Monday, August 30, 2004

Joe Casey: Robosexual?

I'm a fairly big fan of Joe Casey's work. Can't say I've read everything he's done, but I've read a good chunk of it over the last several years, and last week something occurred to me. Joe likes robots. A lot. Let's take a look:

Mr. Majestic #3: In an effort to be more Earth-like (Earthy?) our hero, Mr. Majestic, buff but humanoid space alien, decides he needs to go on a date. So Joe (and co-writer Brian Holguin) set him up with one Maxine Manchester, a.k.a. Ladytron, a raving, psychotic cyborg. And they have a fun, sweet time. Who knew?

Deathlok #7: The Deathlok series is the start of something serious. Spinning out of Casey's run on Marvel's Cable (centered on a man whose entire left side is robotic), Deathlok features SHIELD agent Jack Truman, injured beyond physical repair in a fight with Cable, who has what's left of his brain and body cobbled into a robot. Here in Deathlok #7 Truman attempts to reunite with his sister, though the two of them didn't get along well when he wasn't a SHIELD-engineered killing machine. Truman's sister is less-than-thrilled to see him, but she decides to make him "earn his keep": if he wants to stay there, he has to go on a date with her friend, who, in classic Marvel no-degrees-of-separation style, happens to be Princess Python of the Serpent Society/Circus of Crime. After a scuffle with Puff Adder, Miss P's jealous ex, Truman is revealed to be a robot and, well, Python really doesn't care:

What a studly go-bot our lead is. But wait, it gets better.

Automatic Kafka:

This is the mother lode, right here. Automatic Kafka is a robot, formerly part of a wildly famous superhero team known as The Strangers. So wildly famous, in fact, that even as a robot Kafka got more than his fair share of, shall we say, sweet sweet candy. The series mainly concerns itself with Kafka's struggle to regain his lost glory, interspersed with tales of that glory, in particular the sexing up drunken, drugged girls in clubs. Issue six examines the relationship between Kafka and former teammate Helen of Troy. Boy, does it examine it. In fairly graphic detail. I learned way more about robots and their, uhm, parts than I ever wanted to know from this series.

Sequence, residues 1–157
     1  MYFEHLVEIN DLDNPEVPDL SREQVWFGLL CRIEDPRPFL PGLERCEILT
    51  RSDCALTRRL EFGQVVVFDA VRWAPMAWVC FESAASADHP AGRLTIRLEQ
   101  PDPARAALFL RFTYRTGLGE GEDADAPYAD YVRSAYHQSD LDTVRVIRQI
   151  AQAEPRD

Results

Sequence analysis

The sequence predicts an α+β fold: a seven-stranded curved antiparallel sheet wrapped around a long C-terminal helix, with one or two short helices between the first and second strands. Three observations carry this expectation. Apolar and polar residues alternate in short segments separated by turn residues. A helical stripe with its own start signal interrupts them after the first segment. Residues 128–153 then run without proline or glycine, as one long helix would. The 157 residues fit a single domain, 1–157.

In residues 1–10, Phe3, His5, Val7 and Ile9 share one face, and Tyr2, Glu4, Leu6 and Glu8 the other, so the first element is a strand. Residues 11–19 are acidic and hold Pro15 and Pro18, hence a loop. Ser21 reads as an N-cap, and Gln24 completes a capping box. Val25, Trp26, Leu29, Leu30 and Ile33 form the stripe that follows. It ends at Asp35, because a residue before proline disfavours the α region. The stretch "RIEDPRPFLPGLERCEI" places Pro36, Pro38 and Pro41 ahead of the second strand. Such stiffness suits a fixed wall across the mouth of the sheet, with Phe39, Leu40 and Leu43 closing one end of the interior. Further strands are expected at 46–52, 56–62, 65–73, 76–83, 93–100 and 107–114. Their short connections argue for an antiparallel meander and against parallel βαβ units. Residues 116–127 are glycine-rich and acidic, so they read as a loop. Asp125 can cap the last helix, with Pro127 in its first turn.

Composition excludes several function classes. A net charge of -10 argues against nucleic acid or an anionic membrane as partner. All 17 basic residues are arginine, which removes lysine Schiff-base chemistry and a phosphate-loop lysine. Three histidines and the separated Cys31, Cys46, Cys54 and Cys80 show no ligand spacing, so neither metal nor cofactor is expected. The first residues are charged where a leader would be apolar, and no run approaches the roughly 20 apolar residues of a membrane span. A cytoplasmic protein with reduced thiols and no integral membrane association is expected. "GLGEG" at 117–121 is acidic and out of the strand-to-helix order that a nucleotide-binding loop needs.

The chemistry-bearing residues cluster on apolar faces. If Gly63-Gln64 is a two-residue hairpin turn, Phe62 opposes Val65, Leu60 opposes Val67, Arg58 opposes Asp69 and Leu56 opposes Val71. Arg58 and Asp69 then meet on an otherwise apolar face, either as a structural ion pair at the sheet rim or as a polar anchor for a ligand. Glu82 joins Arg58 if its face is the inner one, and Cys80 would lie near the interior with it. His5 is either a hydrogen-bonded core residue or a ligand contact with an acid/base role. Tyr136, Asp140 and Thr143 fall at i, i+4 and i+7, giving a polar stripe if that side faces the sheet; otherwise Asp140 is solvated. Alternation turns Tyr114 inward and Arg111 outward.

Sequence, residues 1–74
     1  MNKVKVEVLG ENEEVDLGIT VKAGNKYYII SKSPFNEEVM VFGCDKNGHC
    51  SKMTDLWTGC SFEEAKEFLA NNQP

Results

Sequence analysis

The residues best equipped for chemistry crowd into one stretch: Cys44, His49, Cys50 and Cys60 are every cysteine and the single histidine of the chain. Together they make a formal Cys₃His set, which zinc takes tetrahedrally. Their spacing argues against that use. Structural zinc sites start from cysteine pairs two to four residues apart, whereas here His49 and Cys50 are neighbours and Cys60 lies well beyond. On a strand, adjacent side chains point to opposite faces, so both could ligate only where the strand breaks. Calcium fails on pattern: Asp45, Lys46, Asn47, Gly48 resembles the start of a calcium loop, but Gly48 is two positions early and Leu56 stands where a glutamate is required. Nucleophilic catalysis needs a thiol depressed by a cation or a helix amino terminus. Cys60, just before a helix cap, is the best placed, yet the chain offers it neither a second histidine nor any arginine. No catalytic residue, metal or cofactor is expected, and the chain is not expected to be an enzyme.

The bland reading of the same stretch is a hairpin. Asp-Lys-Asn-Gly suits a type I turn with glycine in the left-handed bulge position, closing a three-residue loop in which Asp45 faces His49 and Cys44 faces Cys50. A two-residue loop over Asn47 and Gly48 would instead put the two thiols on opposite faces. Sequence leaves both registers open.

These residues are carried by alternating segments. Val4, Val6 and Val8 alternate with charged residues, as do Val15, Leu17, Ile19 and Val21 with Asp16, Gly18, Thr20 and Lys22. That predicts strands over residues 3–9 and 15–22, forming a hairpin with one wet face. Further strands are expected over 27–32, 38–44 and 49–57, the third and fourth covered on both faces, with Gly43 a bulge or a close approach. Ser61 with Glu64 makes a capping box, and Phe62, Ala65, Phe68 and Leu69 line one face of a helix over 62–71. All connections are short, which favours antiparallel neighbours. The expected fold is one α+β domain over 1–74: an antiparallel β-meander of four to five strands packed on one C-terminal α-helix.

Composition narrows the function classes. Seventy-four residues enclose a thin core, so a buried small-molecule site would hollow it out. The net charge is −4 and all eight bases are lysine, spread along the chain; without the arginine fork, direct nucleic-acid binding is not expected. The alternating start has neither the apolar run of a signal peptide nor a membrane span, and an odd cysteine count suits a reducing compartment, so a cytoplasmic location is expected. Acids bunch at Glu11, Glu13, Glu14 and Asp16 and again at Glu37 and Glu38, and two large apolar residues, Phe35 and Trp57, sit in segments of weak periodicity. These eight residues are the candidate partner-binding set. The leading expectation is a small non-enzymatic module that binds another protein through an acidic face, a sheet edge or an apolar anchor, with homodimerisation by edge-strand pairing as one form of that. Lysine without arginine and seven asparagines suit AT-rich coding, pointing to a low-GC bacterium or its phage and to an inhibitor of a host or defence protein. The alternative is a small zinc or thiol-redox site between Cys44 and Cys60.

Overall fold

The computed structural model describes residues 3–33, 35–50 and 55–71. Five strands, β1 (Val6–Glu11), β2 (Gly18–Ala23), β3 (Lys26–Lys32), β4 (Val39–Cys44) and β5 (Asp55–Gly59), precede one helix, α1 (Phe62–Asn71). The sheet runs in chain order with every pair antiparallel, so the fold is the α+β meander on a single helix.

Wildcats Version 3.0:

The main thrust of Wildcats Version 3.0 has been "Jack Marlowe," formerly known as Spartan, bodyguard of now-dead business-midget Emp. His robot bodyguard, who, now that Emp has shuffled off, has taken on the identity of his nephew, running his corporation, perhaps with the intent to control the world. Compelling, interesting, yes, but not really the good stuff we're after here...

Something drastic happened to Maxine "Ladytron" Manchester between her date with Mr. Majestic and Joe's start on WildCATS v.2... something so drastic that, for the majority of his run, her remnants were kept in a tank of liquid in the Halo Corporation's headquarters. Grifter, the team's resident bad-ass, was side-lined with a broken leg early in volume three, so he decided to team up with a kid computer genius to rebuild Maxine for his own use. In a bit of remote-controlled robotic transvestism, Grifter now uses Ladytron's body to run around and blow things up. That's fucked, Joe. Hilarious and brilliant, but fucked.

I'm sure he's written more comics that don't feature robots, but the ones that do add up to a disturbing picture. Robots on dates, robots having sex, men dressing up as female robots... it's all a bit overwhelming.

No comments: